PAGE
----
"What are the implications? Much lower commodity prices through out the world," he added.

  13. Greek bailout vote on Thursday

    The AP news agency reports from Athens that the Greek prime minister, Alexis Tsipras, has called an emergency session of parliament to vote on the new, third, bailout deal on Thursday. Which is what we reported earlier at 13:45.

  14. "Prepare for a rate rise"

    Bank of England Governor Mark Carney listens during an inflation report news conference at the Bank of England in London, Britain August 6, 2015.

    You have probably heard this said quite a lot in the past years: "Prepare for a rate rise". All those City economists, who have been incorrectly predicting such a thing for the past six years, might have added, "don't know where, don't know when". But my colleague Kevin Peachey has this sensible advice.

  15. Mortgage lending picks up

    Plastic house and coins

    The number of mortgages granted to home buyers in June was 22% higher than in May. However, at 61,000 loans, that was still 1% down on the same month last year, said the Council of Mortgage lenders (CML).

    Paul Smee, director general of the CML, said: "Notable this month is the uptick in remortgage activity among home-owners, perhaps reflecting an increased desire to lock into competitively-priced mortgage deals in advance of any rise in rates."

    "It is likely that people are now beginning to feel a rate rise is a realistic prospect, and not just a distant theoretical possibility."

  16. Good mortgage deals for first time buyers

    Window of an estate agents

    The return of decent mortgage deals for first-time buyers has not only improved the choice available to them, but also the cost of their loans. The leading price comparison service, Moneyfacts, says the number of FTB deals has gone up from 42 two years ago, to 195 today.

    And the rates on them have dropped considerably too.

    "The launch of the Help to Buy mortgage guarantee scheme acted as a starting gun for this sector, making it almost acceptable to lend at higher loan-to-values again," said Charlotte Nelson at Moneyfacts.

    "Once these deals hit the market, other providers outside of the scheme had no alternative but to compete to attract customers.

    "Rates have dropped so much that a first-time buyer would be £2,005.68 better off in the first year, by opting for the lowest two-year fixed mortgage today compared with the lowest rate in August 2013," she added.

    The lowest two-year fixed-rate deal for a FTB is currently 3.49%, if he or she has a 5% deposit,

  17. Nine charged over 'insider trading hack 'scheme

    US authorities have charged nine members of an alleged international hacking and insider trading ring, the BBC understands.

  18. Premium milk prices for some farmers

    BBC News

    Milk bottles

    Morrisons has agreed to sell a special brand of milk called "Milk for Farmers", costing 10 pence per litre more. The extra money raised will go to the dairy co-operative ARLA, which is its main supplier. One dairy farmer and ARLA member, David Christiansen, told the News Channel that the deal was encouraging but was not the end of the matter.

    "What is really concerning us now is that we are going towards the end of summer and towards autumn and winter," he said.

    "It costs us lot more to to keep the cows because we have to house them in barns.

    "If the milk price is not improving and our costs are increasing, that puts a lot more farms into a difficult situation with regards to cash flow," he added.

  19. Greece - is the deal flawed?

    BBC Radio 4

    Jonathan Loynes, the chief European economist at Capital Economics, told the World at One programme on Radio 4 that the latest Greek bailout deal looked like a bit of a stop-gap.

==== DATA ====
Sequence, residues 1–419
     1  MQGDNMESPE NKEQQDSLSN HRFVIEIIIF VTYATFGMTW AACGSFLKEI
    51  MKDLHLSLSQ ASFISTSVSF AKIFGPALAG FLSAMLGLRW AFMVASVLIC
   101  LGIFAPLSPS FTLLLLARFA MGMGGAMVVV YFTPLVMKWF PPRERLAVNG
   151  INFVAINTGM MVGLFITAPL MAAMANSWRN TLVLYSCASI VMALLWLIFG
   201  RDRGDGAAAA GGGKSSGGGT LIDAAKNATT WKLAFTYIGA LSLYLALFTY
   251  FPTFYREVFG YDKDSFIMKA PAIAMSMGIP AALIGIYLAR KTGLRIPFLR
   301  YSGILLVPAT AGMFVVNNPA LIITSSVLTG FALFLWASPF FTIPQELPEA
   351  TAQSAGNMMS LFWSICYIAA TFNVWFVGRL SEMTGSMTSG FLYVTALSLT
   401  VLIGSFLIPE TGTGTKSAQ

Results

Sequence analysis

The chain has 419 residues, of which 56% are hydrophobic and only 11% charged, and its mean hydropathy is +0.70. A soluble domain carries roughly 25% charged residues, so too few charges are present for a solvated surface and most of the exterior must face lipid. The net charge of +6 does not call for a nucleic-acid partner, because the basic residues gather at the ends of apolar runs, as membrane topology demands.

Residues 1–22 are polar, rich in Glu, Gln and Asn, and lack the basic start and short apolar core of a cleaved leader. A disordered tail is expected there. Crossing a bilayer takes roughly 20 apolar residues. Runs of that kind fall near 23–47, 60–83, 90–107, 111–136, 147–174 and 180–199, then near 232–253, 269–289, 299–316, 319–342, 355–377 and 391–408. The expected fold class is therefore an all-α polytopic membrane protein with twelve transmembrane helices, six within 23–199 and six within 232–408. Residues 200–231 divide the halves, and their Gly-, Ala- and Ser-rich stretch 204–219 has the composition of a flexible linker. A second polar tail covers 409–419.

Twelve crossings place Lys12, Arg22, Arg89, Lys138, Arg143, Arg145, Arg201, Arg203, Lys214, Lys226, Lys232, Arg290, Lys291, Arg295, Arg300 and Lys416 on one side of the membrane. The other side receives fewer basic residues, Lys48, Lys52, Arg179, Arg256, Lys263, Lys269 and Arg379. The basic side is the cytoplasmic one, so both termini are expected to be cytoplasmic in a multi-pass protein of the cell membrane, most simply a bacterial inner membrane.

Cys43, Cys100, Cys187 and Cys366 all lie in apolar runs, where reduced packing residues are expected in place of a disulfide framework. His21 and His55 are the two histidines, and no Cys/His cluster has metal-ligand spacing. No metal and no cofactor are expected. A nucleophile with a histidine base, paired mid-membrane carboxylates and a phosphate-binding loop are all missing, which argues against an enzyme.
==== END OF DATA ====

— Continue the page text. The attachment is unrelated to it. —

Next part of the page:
"My view is that this deal is based on fantasy forecasts for Greece's economy and its public finances," he said.

    "I think there is a real danger that it will become clear very soon that Greece isn't going to meet its targets and that the bailout will unravel accordingly."

  20. New tube strike dates in London

    London Underground sign

    You may wish to alter any plans you might have to work in London, or to visit the capital, on 25th, 26th, 27th and 28th August.

    The RMT union has announced two more 24-hour strikes by its members at Transport for London, in its dispute over working on the forthcoming all night underground services.

    The union says the proposals from TFL amount to being "the rosters from hell".

  21. Milk - why supply is out of kilter with demand

    Milk is seen for sale at a Morrisons supermarket in Aylesbury, Britain August 11, 2015

    Still puzzled about how dairy farmers can be having a hard time, while milk is still so central to the diet of a fast-growing population? Emma Campbell, from Farming Today on Radio 4, gave this explanation to the listeners of the World at One.

    "Milk is a global commodity much like oil and gold; while supply is high at the moment, demand isn't as high as it has been," she said.

    "Demand from China hasn't been as high as was predicted. The Russian trade ban also has an effect on other farmers in the EU who aren't allowed to export food goods to Russia.

    "It's also been a good year for producing milk in New Zealand, and so there's a lot more milk around," she added.

  22. Japan switches nuclear power stations back on

    Nuclear reactor buildings of the Kyushu Electric Power Sendai nuclear power plant are seen protestors raising their fists to protest against restart of the reactor in the twilight in Satsumasendai in Kagoshima prefecture, on Japan's southern island of Kyushu on August 11, 2015

    At 02.30 Japan began switching its nuclear industry back on. That's the first time since the Fukushima disaster in 2011, which led to the country's entire nuclear industry being shutdown. Hundreds of demonstrators held a rally outside the Sendai nuclear plant in Southern Japan, selected as the first to restart and there is significant public opposition to the restart across the country. But many areas of Japanese business have been keen to see a reduction in their energy costs, which were pushed up by a reliance on imported fuel, and there have been applications to restart 25 nuclear power plants across the country.

  23. Buffett's loose change

  24. Greece - what happens next?